# standard deviations for mean vs for predictions

I work in finance and wanted to ask a quick question regarding standard deviation of data sets. I have collected data sets over the last 10 years and would like to use them to make a prediction for the coming year. The question I want to answer is, what the value that has a 95% probability of not being exceeded is? As we know, this is exactly $$\overline{x}+2\sigma_{\overline{x}}.$$Each of the data sets (from every year 365 datas) has about the same standard deviation. Now we learned in university that the standard deviation of the mean is just $$\sigma_{\overline{x}}=\frac{\sigma}{\sqrt{n}}.$$But I then get an estimate for next year with a standard deviation that is much too low and thus a maximum value that is much too low in contrast to recent years. In my opinion, this should be the approximatly the same standard deviation. Do I simply have to take the mean value for the standard deviation for predictions? What is the difference?

As noticed in the answer by Peter Pang, you are assuming normal distribution here. Are you sure this assumption holds? If it doesn't hold, $$\mu + 2\sigma$$ does not give you the 95% percentile. If you can assume that there are no changes over time (unlikely), then the answer is just to compute the 95% percentile from the data. If it changes, you can use something like quantile regression, a time-series model that makes distributional prediction, or a probabilistic model.

I believe there are quite a lot of assumptions made and confusions.

So first, you have assumed the data $$x$$ is normally distributed, therefore, $$x \sim \mathcal{N}(\mu, \sigma^2),$$ where $$\mu$$ and $$\sigma^2$$are the mean and the variance. But such an assumption is very likely to be wrong, and I would encourage you to make a histogram and see how are the data distributed.

And based on that you want to obtain the 95% interval of $$x$$ in the coming year. With the distribution of $$x$$ assumed, it can be inferred as follows . If assuming the distribution is normal, the final distribution for $$x$$ is given by (using Bayesian approach) \begin{aligned} p(x_{n+1}\vert\{x_i\}) &= \int d\mu d\sigma^2 \mathcal{N}(\mu, \sigma^2)p(\mu, \sigma^2\vert \{x_i\}), \end{aligned} where $$p(\mu, \sigma^2\vert\{x_i\})$$ is the posterior on the mean and the variance with all the previous samples given, which is given by $$p(\mu, \sigma^2\vert \{x_i\}) \propto \prod_i \mathcal{N}(\mu, \sigma^2)(x_i)p(\mu, \sigma^2),$$ where $$p(\mu, \sigma^2)$$ is the prior.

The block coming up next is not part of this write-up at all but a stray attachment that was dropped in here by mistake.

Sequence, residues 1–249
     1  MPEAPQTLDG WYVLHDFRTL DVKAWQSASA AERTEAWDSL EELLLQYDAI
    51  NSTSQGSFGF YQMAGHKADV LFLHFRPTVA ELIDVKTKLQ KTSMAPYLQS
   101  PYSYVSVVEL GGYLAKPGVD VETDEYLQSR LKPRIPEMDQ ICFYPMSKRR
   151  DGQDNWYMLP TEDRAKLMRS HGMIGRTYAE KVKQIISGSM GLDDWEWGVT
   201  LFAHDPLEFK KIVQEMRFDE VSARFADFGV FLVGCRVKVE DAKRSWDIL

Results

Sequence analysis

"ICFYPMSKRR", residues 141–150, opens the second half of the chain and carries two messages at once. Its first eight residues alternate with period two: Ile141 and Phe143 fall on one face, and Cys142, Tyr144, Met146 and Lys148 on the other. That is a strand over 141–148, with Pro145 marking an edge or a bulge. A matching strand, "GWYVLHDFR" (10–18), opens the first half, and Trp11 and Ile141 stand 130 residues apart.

With that calculated, the 95% credible interval can be inferred.

One last thing, the equation you quoted is regrading the confidence interval of the mean $$\mu$$ based on the sample mean $$\bar{x}$$, not an interval for $$x$$.

• In a frequentist setting: if $\bar X$ is the mean of a normal sample of size $n$ from a population of unknown mean $\mu$ and variance $\sigma^2,$ then a 95% confidence interval for $\mu$ is of the form $\bar X \pm t^*S/\sqrt{n},$ where $S$ is the sample standard deviation and $t^*$ cuts probability $0.025$ from the upper tail of Student's t distribution with degrees of freedom $\nu = n-1.$ // A 95% confidence interval for an additional observation $X_{n+1},$ is of the form $\bar X\pm t^* S\sqrt{1+\frac 1n},$ which takes into account the est. variances of both $X_{n+1}$ and $\bar X.$ Commented Mar 15, 2022 at 22:57
• @BruceET As someone from the Bayesian side, I am not familiar with the calculation of confidence. Would you mind point me to the derivation of the confidence interval for $X_{n+1}$? Commented Mar 15, 2022 at 23:43
• See this part of Wikipedia page on prediction intervals. Commented Mar 16, 2022 at 7:35